The Company’s Night Of The Living Dead Live – 28 September 2023, University Drama Studio
Review by Claire Taranaski.
I have a confession, The Company’s latest production was not what I wanted to be. George A Romero’s original 1968 horror masterpiece Night Of The Living Dead is one of my favourite films of all time and that’s what I was craving on stage and, with a take on Blood Brothers by starting with the closing scene, that’s what I thought I was going to get with an evening of terrifying drama and in that headset if I was not reviewing it I should have left in the interval (the whole of the original film was covered in the first half). But this is not the fault of the talented cast and crew and if you are looking for an evening of superb horror comedy to kick off the Halloween season I would urge you not to miss the show, only to miss it if like me you longed for the original to be recreated on stage.
Written by Christopher Bond, Dale Boyer and Trevor Martin and created by Christopher Harrison and Phil Pattinson what this production offers is an American Noises Off and every zombie comedy you can think of (in monochrome) meets Night Of The Living Dead with a pinch of Sliding Doors in the second half performed by a strong cast and with perfect horror farce and comedic timing, thanks to the direction of Monica Gallo and Mark Todd throughout, including some of the best comedic stage slaps I have ever seen.
My favourite performances of the night came from Kate Spivey as “they’re coming to get you” Barbra and Hollie Warman as Helen Cooper, whose performances were most like the film’s original versions of their characters and would not have been out of place in the stage version I longed for and Fadumo Hassan, who within minutes of being on stage destroyed any concerns I had about a female actor taking on the iconic role of Ben (though apologies Fadumo you may have amazing stage presence but you really can’t sing) and Mark Kenny as Chief McCelland who based on this performance could pull off the sheriff in any American comedy film or television show.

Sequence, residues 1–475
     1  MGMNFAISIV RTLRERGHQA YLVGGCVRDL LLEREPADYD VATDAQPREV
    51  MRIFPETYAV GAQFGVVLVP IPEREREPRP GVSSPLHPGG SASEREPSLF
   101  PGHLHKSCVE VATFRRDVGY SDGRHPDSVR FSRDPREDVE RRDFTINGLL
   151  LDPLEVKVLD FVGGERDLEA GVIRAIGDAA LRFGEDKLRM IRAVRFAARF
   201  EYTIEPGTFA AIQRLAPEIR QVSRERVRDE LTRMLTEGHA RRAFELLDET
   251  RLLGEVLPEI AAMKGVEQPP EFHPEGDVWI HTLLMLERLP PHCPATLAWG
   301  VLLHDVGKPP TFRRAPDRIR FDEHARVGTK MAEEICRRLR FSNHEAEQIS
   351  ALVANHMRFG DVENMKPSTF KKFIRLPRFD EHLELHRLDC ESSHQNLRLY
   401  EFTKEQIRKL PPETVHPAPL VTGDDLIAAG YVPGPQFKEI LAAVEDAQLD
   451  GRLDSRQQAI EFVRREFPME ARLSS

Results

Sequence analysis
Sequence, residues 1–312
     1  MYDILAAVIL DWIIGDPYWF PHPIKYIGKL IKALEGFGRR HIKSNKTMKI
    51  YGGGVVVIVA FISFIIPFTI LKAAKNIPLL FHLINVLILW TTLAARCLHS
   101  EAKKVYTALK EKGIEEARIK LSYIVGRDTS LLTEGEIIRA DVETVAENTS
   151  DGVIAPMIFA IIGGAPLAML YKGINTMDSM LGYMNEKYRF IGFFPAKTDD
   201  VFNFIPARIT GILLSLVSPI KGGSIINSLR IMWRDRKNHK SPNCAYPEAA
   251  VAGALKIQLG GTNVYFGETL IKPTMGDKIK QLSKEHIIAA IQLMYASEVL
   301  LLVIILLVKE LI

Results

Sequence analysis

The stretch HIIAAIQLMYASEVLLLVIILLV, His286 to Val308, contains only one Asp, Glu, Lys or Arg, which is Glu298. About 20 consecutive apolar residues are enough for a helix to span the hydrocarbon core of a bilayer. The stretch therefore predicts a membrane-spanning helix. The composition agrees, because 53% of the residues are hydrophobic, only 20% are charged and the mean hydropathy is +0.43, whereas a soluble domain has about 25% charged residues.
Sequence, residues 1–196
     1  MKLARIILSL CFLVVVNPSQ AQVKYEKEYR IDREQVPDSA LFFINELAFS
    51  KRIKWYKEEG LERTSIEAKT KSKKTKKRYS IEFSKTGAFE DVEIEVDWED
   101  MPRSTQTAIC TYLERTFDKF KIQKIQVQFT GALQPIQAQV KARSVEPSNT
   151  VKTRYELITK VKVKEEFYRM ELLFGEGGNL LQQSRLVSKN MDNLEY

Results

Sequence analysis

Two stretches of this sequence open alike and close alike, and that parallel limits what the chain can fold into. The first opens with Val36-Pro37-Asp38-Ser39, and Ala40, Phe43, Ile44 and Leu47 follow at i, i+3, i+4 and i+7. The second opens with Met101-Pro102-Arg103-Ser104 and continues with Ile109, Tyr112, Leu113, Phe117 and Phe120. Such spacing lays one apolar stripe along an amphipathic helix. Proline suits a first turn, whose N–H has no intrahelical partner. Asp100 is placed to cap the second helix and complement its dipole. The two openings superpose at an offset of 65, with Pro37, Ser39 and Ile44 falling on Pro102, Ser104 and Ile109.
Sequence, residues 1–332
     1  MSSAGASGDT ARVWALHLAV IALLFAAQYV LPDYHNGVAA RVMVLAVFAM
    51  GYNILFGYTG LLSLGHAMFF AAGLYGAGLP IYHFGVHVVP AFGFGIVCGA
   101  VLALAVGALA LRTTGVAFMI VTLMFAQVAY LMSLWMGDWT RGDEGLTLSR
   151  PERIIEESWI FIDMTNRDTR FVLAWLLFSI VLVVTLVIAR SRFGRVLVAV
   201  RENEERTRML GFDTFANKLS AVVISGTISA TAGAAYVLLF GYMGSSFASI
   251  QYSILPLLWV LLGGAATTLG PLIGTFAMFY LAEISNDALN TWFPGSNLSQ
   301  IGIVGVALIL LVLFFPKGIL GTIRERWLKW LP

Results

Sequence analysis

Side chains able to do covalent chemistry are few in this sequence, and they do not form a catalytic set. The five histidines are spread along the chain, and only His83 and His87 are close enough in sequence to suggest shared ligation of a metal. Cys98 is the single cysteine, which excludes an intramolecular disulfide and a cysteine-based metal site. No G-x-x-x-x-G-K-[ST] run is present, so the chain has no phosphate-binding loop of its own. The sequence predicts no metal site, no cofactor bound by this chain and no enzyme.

I must also mention Lily Luty for her unforgettable facial expressions as she played various newscasters and for reminding me so much of other talented actors, Jake Gyllenhaal look and act a like James Hashem as Tom and Josie Lawrence inspired Lizzie Davis as Judy (I know the joke was that you did not have much stage time but I wish you did). I must also praise all of the cast members as they took on individual zombie roles especially the iconic arm grabs through the window.
The prop, costume and set design team must be praised for bringing the film, iconic for being in black and white, to the stage with the same colour scheme, bringing the 1960s to life in the costumes and the abandoned house to life with the simple but effective living room and cellar set and with the split floor allowing but the audience and police officers and zombies to look in from the outside. Make up must also be praised for their whitening of the cast (apart from Fadumo to highlight the difference and racial tensions of the time) though I wish this had not just been their faces but also their arms and hands, which for me weakened the monochrome effect.
I felt like the only member of the audience who did not love this show but I think I was just going in with the wrong frame of mine so if you love theatrical comedy (I usually do) and are looking for the perfect night out to start the Halloween season don’t miss Night Of The Living Dead is at the University Drama Studio until Saturday 30 September.